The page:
No technological advance has more quickly captured the imagination and opened the pocket books of Americans than personal computers. Like the space program that initially nurtured computer research, these new information appliances have come to symbolize America’s return to technological superiority—a place seemingly lost in the past decade to imported televisions, cameras, digital watches and Walkmen.
Mirroring this resurgence, a new lifestyle has grown up around the personal computer industry, nowhere more visible than in Silicon Valley, 45 miles south of San Francisco, where prune orchards have been transformed into a fertile crescent of research and development. The Valley is a strange blend of workaholism and conspicuous consumption, hot tubs and traffic jams. Technological vision and rivalry are so intertwined that local residents call the place Silicon Gulch.
No individual has become more a symbol of this land of opportunity than Steven Paul Jobs, the 29-year-old cofounder and chairman of the board of Apple Computer. Jobs, adopted at birth by a middle-class couple in Mountain View, California, was raised on Little Richard, Bob Dylan and technology. In many ways he was a typical—albeit young—product of the counterculture of the '60s. He experimented with drugs, dropped out of Reed College his freshman year, and only settled down to work after answering a help wanted ad for Atari that promised, “Have fun and make money.” Still in search of higher truths, Jobs quit Atari after a brief stay, journeyed to India and shaved his head. In 1975 he returned to the States and set about building home computers with the brilliant Stephen Wozniak, a friend who had been working as an engineer at Hewlett-Packard.
In early 1977, they founded Apple Computer which quickly became one of the dominant forces in the personal-computer field. In 1981 IBM entered the market and the struggle between what Jobs calls “the innovators and the blue suits” was joined. So great was the competition that Apple’s stock plummeted almost 50 points last year, as IBM seemed to be defining the standard in the personal-computer marketplace.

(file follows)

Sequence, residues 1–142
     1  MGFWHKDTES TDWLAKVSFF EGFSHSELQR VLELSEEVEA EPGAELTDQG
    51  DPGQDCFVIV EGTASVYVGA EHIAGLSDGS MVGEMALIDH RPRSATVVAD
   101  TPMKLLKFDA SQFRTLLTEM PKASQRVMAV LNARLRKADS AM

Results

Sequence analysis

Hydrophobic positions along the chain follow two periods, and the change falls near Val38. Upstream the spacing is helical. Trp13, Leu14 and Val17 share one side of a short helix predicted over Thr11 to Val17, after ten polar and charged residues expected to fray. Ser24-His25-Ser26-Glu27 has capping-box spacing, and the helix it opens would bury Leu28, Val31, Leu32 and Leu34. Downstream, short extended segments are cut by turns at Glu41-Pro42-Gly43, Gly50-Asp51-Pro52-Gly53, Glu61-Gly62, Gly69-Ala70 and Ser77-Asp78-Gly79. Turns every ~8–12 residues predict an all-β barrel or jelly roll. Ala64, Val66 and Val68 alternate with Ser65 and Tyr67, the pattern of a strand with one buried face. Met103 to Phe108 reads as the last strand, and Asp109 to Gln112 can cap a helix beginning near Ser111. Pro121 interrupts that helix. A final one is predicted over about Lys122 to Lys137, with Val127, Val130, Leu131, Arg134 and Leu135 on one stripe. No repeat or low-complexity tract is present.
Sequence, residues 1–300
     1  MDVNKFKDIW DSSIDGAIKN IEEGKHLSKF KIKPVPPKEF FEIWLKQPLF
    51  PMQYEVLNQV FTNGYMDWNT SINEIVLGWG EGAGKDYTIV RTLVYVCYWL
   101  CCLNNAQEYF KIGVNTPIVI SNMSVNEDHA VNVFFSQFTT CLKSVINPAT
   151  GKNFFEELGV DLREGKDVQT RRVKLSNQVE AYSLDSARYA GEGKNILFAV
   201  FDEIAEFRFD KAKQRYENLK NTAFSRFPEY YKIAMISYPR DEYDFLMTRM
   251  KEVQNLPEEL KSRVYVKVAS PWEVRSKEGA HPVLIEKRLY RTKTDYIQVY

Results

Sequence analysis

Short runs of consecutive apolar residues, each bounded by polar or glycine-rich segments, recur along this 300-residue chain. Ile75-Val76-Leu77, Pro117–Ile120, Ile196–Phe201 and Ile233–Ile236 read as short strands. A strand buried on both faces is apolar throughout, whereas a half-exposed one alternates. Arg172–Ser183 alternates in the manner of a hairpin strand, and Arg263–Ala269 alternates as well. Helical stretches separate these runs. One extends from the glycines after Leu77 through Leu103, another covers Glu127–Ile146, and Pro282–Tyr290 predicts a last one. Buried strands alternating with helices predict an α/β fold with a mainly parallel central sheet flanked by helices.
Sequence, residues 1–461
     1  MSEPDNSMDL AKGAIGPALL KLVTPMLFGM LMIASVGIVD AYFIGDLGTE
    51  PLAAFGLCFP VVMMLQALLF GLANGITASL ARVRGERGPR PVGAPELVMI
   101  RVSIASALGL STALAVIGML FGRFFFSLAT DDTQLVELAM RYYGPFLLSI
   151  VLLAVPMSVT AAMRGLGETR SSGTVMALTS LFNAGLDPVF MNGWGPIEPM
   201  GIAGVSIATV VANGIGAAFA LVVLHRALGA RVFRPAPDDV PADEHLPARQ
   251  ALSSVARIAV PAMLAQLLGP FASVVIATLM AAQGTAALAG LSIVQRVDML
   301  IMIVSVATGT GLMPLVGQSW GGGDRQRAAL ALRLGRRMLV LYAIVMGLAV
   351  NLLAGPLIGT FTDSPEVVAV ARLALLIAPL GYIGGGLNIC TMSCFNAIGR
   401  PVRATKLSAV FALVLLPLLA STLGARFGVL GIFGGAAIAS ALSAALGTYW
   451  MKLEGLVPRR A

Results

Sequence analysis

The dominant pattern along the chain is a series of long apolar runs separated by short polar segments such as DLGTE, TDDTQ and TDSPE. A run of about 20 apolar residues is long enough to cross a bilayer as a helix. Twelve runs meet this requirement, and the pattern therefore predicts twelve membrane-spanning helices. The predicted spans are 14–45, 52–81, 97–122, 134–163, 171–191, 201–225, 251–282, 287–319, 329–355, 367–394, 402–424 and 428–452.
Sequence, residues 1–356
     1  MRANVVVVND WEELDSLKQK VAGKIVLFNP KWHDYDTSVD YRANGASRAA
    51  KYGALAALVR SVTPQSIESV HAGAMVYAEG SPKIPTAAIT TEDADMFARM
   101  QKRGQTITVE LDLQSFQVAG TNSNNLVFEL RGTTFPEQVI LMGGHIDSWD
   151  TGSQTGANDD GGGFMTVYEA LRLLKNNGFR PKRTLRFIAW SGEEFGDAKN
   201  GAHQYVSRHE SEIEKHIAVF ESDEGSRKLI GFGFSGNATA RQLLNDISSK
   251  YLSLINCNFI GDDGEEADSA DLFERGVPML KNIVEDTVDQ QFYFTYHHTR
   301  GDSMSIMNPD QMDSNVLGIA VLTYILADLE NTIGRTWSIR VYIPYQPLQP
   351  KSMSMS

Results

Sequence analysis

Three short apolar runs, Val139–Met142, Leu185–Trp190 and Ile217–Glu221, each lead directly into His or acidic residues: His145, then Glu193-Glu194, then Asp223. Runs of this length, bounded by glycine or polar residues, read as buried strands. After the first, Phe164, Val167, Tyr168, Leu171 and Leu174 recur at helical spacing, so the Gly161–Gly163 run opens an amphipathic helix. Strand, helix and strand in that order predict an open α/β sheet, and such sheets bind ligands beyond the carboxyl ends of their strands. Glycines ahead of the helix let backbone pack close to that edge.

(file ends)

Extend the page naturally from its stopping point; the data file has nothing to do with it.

No individual has become more a symbol of this land of opportunity than Steven Paul Jobs.
In January, however, with the introduction of Macintosh, Apple began an aggressive counterattack, heralded by its “1984” TV commercial that portrayed a woman hurling a hammer through a screen image modeled after Orwell’s Big Brother. Jobs claims Apple will sell a half-billion dollars worth—250,000—of Macs this year, a number considerably less than demand, which has exceeded even Apple’s original hopes. Equally inspiring for Jobs is the fate of Apple II, the company’s tried-and-true product, which has walloped IBM’s PC jr. Two million Apple IIs have been sold in the company’s seven-year history, and last April, at a party with the theme "Apple II forever,” the company introduced its new IIc—a portable version of the Apple II that can be operated without a battery pack. Not to be outdone, IBM recently introduced a portable version of its own PC. Once again, the chips will fly.